One year later, these same authors (Cucé et al.) recommended the use of 5% tretinoin peel once a week, in three applications. At that time, Kligman commented this publication questioning stability and the advantage of such a high concentration. In fact, Kligman had previously stated that applying a 0.25% tretinoin in a solution of 50% ethanol and 50% polyethylene glycol every night was analogous to superficial chemical peels. This approach was named "rapid retinization" of photoaged facial skin.31,32

In a reply to Kligman's statements, Cucé and Bertino wrote that their intent was to investigte an accurate concentration of tretinoin applied as a peeling agent, not as daily use, as performed in Kligman's study.33

In 2004, one study demonstrated that 1% tretinoin peel was probably as effective in the reduction of the pigmentation in melasma in dark-skinned patients as the standard peel, using 70% glycolic acid.34

Topical retinoic acid applied daily to the skin produces modifications in the epidermis with dispersion of melanin.35,36 It is possible that tretinoin peel, which is classified as a superficial peel, can induce the same modifications with the advantage of being faster and less cumbersome for the treatment of patients with melasma.30,37

In addition, 1% tretinoin peel provided the results in a relatively shorter period, that is, 12 weeks as opposed to the daily treatment with 0.1% tretinoin cream, which required 24 weeks to achieve the same outcomes.38,39

In comparison with 70% glycolic acid peel, the 1% tretinoin peel was less irritating and therefore better tolerated. As for effectiveness, both treatments reduced pigmentation, with no difference between the agents.34

Recently, in 2010, another study was published on the treatment of melasma by using 10% tretinoin peel. The clinical evaluation found moderate to intense improvement of this condition in all patients. This peel was suggested as an alternative modality in the treatment of melasma, considering tolerability and efficacy with no adverse events.40

In 2011, it was performed a double-blind, randomized study using 5% and 10% tretinoin peels in 30 subjects aged between 25 and 59 years and phototypes III and IV. It was concluded that the treatment was effective and safe for melasma, with no difference between the concentrations.41

Despite these reports about the efficacy and safety of tretinoin peels in high concentrations, only a few studies quantify the concentration of the drug retained in the various layers of the skin in vivo. Currently an experimental study assessed in vitro penetration of tretinoin at 0.25%, 1% and 5% concentrations, in cream and solution of ethanol and propylene glycol in equal parts. Regarding the viable epidermis, there was a greater retention of the drug when it was conveyed to 5% solution.42

However there is still a debate about the advantage of highly concentrated tretinoin peel versus its continuous use at low concentrations. A study from 2015 showed that most of the tretinoin peel was retained in the stratum corneum.44 This might explain why tretinoin peels do not cause burning, stinging, pain or irritation at such high concentrations - which is commonly seen in home use of commercial formulations of the same agent at low concentrations. This very superficial retention of tretinoin peel implies that its only effect is an exfoliation of the stratum corneum, without action on the RAR of viable keratinocytes from the deeper layers of the epidermis.31,43,44 Therefore the sequential peels effect may not be similar to daily use of standard concentrations of tretinoin cream for melasma and photoaging.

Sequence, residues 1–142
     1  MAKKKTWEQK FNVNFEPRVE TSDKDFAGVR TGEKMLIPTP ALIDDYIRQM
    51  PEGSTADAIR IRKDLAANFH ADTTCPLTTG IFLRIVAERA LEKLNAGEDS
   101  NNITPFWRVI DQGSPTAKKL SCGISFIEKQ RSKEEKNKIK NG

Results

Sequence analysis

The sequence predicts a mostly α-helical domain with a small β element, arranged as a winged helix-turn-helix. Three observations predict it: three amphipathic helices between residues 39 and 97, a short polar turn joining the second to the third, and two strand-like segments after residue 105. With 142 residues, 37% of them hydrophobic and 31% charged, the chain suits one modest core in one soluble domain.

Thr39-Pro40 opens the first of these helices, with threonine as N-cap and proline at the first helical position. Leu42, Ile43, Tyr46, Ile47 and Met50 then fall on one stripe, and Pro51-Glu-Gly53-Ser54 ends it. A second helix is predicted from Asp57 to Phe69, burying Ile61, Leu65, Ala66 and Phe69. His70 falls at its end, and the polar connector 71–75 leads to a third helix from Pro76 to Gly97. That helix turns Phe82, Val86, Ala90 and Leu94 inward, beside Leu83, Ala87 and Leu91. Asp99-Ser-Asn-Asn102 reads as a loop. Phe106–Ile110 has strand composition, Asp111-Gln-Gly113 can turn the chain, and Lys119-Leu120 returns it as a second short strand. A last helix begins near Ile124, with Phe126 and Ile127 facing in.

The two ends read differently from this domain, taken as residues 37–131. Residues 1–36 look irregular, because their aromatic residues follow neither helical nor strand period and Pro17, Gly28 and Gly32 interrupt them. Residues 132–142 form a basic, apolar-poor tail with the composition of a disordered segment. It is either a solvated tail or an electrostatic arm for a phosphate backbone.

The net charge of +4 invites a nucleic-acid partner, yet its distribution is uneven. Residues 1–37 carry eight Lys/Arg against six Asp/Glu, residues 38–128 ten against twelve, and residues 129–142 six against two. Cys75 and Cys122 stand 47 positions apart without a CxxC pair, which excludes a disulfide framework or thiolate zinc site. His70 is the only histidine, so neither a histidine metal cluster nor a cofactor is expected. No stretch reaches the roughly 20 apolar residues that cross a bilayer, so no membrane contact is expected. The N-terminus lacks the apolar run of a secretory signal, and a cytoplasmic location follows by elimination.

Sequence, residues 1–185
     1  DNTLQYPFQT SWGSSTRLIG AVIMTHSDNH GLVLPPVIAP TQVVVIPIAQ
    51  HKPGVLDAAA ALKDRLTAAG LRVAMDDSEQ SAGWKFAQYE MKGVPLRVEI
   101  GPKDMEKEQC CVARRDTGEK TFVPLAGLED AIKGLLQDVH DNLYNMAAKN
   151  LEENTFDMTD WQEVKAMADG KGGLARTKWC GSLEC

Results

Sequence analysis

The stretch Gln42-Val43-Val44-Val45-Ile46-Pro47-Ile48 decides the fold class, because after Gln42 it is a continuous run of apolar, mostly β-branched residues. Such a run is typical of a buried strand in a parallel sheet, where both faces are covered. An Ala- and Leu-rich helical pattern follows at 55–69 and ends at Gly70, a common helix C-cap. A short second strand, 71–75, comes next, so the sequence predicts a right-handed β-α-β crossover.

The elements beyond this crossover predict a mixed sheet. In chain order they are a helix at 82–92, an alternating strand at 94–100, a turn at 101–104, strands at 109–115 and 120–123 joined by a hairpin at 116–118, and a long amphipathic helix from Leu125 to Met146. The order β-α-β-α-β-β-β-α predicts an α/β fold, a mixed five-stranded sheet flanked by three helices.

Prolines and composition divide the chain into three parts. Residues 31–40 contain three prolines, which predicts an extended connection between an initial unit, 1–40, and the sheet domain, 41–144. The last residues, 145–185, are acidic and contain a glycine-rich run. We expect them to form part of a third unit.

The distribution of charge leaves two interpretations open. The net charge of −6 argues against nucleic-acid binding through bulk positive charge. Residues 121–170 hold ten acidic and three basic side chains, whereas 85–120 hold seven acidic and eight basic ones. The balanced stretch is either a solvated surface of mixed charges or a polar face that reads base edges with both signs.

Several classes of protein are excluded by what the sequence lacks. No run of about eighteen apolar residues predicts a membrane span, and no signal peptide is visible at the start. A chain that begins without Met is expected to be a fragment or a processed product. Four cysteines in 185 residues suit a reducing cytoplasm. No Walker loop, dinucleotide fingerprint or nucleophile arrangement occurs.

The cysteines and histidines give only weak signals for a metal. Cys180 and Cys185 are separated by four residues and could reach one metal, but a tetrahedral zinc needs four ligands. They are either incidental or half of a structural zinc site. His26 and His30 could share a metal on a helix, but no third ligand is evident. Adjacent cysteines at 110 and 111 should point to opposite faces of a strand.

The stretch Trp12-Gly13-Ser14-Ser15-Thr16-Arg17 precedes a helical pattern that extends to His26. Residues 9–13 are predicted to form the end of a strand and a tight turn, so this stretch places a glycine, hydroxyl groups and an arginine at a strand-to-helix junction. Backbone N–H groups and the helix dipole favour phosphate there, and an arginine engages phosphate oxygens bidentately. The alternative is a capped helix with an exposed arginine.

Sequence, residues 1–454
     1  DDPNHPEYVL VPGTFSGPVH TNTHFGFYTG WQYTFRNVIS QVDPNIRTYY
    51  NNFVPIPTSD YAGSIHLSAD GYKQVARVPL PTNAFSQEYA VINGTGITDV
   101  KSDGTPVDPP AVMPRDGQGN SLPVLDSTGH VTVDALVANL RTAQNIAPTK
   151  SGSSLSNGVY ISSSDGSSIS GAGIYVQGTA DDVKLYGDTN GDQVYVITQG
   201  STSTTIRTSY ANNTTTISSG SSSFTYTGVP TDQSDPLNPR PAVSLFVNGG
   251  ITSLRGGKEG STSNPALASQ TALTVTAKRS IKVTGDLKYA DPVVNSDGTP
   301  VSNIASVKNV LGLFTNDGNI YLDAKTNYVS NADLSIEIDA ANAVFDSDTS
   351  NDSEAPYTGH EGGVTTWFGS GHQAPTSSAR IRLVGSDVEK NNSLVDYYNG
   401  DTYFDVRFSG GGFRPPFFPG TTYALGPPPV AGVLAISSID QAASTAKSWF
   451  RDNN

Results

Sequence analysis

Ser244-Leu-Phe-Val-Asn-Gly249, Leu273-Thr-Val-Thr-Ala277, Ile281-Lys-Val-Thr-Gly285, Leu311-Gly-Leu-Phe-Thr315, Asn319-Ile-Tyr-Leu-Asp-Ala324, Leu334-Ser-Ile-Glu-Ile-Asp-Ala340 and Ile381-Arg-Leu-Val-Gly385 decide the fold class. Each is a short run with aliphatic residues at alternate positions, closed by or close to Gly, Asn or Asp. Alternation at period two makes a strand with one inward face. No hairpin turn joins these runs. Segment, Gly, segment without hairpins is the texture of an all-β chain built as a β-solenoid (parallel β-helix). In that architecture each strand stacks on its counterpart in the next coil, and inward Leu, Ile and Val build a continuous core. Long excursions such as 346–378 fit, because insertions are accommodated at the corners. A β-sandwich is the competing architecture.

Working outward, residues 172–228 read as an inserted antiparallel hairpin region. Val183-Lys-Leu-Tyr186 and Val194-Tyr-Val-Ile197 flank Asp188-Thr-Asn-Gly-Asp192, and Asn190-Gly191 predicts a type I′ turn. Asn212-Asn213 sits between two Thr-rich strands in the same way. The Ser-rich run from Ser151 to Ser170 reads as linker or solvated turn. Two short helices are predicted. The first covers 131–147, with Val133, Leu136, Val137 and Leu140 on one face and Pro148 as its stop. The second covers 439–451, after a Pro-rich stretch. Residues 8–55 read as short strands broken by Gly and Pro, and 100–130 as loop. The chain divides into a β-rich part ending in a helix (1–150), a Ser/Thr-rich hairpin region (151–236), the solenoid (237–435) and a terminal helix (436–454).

Many reports attest efficacy of tretinoin for repairing photodamaged skin, and promoting wound healing.45-49

A randomized and comparative study showed that, despite being safe and effective, the use of low-dose oral isotretinoin was not superior to topical 0.05% tretinoin cream every other night, for the treatment of advanced photoaging.50

For patients with extensive actinic keratosis and diffuse photodamage, peel is more practical than current therapies for individual lesions.

Given the limits of tretinoin peels, one should identify their real benefits not only in the treatment of melasma, but also in photoaging, pre-neoplastic and neoplastic actinic lesions (field cancerization). Additionally it is essential to investigate the ideal concentration, vehicle and standardization of application (range and number) for a particular treatment. For this purpose it is necessary more controlled, randomized and comparative studies between the gold standard tretinoin cream treatment versus its use as a peeling agent.

*Study conducted at the Unit of Cosmiatry, Surgery and Oncology of the Dermatology Department of the Paulista Medical School - Universidade Federal de São Paulo (UNIFESP) - São Paulo (SP), Brazil.

Financial support: none.

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Received: November 02, 2015; Accepted: February 28, 2016

Mailing address: Juliana Mayumi Sumita, Rua Estado Israel, 192, Vila Clementino, 04022-000 São Paulo, SP. E-mail: juliana.sumita@gmail.com

Conflict of interest: None